With each passing year, the number and severity of heatwaves, hurricanes, floods, forest fires and other climate-related disasters is increasing, already disrupting the lives of millions of people.
Despite the goal of the Paris Climate Agreement to limit global warming to 1.5°C, the average global temperature is now 1,1 degrees higher than in 1990, with polar areas warming three times as fast and other areas facing ever more extreme heatwaves, opening the very real risk of them becoming uninhabitable.
For the world to still have a two-thirds chance to limit temperature rise to 1.5°C, global greenhouse gas emissions must be brought to net zero by 2050 latest, with over half of that reduction achieved by 2030. The latest IPCC and International Energy Agency reports are both crystal clear that this requires an immediate end to all new fossil fuel exploration and development, and a rapid phase-out of all remaining fossil fuel use.
Other related emergencies
The climate crisis poses a huge threat to nature, with forests being destroyed by wildfires or turning into savannah, tundras and alpine permafrost areas thawing, coral reefs bleaching and oceans getting both warmer and more acidic, thus becoming
uninhabitable for many species while also releasing even more greenhouse gases into the atmosphere.
A warming planet is also expected to face more pandemics. Changing weather patterns, forest fires and other climate-related habitat destruction will set animals on the move, from bats to rodents to mosquitoes, leading to contact between animals and with humans that normally don’t interact, physically bringing together pathogens and potential new hosts.
Meanwhile, the fossil fuel industry that is at the heart of the climate crisis also impacts directly on human rights, as it penetrates Indigenous and communal lands for exploration and pollutes water and agricultural land. Even in the global North, its heavily polluting industries disproportionately impact poor, marginalised communities and especially communities of colour. Similarly, low-income and working-class communities disproportionately suffer the consequences of current spiking energy prices, and have less access to energy-saving measures. The welfare of fossil fuel industry workers worldwide must also be at the heart of any just transition towards a green economy.
Banks must play a key role in tackling the climate emergency
Despite all the rhetoric coming from banks committing to become net zero by 2050, trillions of dollars in bank finance still keeps the coal, oil and gas industry that is at the heart of the crisis afloat, and even helps expand it. No climate commitment of any bank is complete without a pledge to urgently phase out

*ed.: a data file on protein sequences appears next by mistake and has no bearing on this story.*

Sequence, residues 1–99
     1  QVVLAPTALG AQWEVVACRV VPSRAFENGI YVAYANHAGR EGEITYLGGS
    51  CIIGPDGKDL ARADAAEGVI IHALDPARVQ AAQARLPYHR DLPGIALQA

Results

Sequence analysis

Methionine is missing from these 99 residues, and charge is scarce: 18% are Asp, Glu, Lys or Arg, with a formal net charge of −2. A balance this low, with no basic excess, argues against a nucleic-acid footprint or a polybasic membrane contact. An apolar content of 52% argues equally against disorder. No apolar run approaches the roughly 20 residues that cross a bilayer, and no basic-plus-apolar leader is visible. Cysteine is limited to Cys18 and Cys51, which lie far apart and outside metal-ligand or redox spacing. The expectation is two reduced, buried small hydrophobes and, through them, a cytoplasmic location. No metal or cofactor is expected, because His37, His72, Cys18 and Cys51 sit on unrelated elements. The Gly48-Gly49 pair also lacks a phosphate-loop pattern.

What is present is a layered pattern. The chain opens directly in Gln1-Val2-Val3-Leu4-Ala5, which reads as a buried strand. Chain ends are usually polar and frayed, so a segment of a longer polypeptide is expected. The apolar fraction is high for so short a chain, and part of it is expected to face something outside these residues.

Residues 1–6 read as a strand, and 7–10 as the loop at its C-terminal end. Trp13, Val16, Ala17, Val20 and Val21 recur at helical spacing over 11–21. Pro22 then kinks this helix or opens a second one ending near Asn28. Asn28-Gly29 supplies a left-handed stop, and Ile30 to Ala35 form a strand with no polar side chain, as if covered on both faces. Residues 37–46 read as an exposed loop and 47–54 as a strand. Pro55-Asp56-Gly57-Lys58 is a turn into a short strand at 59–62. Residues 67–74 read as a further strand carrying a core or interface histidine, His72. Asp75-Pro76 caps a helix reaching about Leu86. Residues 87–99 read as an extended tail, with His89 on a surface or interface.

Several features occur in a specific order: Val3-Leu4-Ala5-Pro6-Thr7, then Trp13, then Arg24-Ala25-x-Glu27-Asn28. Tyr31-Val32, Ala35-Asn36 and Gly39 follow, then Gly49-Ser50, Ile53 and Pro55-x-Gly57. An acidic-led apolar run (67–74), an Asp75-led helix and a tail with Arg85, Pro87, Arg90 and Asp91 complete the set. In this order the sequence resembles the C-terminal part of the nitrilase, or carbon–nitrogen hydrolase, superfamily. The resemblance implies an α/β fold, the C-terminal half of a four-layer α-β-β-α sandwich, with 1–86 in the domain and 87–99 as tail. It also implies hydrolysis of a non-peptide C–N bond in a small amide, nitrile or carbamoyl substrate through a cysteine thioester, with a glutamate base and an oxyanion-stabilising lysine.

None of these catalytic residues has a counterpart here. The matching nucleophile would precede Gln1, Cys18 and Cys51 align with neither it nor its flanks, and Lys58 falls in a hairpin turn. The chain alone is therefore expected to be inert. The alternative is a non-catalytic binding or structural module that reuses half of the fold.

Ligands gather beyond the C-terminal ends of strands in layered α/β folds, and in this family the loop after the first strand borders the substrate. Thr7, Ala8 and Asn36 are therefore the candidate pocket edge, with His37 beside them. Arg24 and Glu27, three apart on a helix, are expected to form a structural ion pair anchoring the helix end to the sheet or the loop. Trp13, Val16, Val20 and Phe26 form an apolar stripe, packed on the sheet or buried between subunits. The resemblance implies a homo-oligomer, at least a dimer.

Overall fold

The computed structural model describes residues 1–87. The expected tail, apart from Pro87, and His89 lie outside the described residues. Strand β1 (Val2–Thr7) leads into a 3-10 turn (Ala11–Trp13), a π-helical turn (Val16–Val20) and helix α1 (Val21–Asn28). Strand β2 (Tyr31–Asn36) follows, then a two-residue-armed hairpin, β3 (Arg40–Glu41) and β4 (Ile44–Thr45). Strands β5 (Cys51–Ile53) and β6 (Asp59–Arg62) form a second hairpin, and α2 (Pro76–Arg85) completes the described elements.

this finance and commit to financing a just transition to a zero-carbon society.
Banks also act as financiers of other high-emitting business sectors, such as steel, cement, petrochemicals, manufacturing, transport, real estate, etc. They must use their leverage over clients to rapidly steer these industries towards zeroing out their emissions, including by providing the finance for this transition.
Finally, banks have a responsibility to address their continued financing of business sectors that impact on natural forests and other ecosystems critical for climate mitigation and adaptation, including agricultural commodities such as soy, sugar, rubber, and beef and timber.
The overall aim of the Banks and Climate campaign is for banks to end their finance for the fossil fuel industry. In order to achieve this, banks must:
- Immediately end all financing for fossil fuel expansion projects and for all companies expanding fossil fuel extraction and infrastructure, along the whole fossil fuel value chain.
- Phase out all ongoing financing for fossil fuel projects and companies, on a timeline aligned with limiting global warming to 1.5°C, starting with an immediate end to finance for coal mining and coal power, as well as projects and companies active in tar sands oil, Arctic oil and gas, offshore oil and gas, fracked oil and gas, and LNG.
- Require all their existing clients to publish phase out plans for their fossil fuel activities on a 1.5°C-aligned timeline.
- Commit to zero out the climate impact of their entire finance portfolio before 2050, and to halve this impact by 2030 at the latest, without relying on discredited offset schemes.
- Immediately end all financing for fossil fuel projects and companies that abuse human rights, including Indigenous rights, and;
- Publicly and comprehensively report on all the previous steps.
These demands are set out in more detail in the Global Call on Banks, supported by over 260 organisations around the world They also reflect the ‘Principles for Paris Aligned Financial Institutions’, which were developed collaboratively by 60 NGOs with expertise on fossil fuel financing.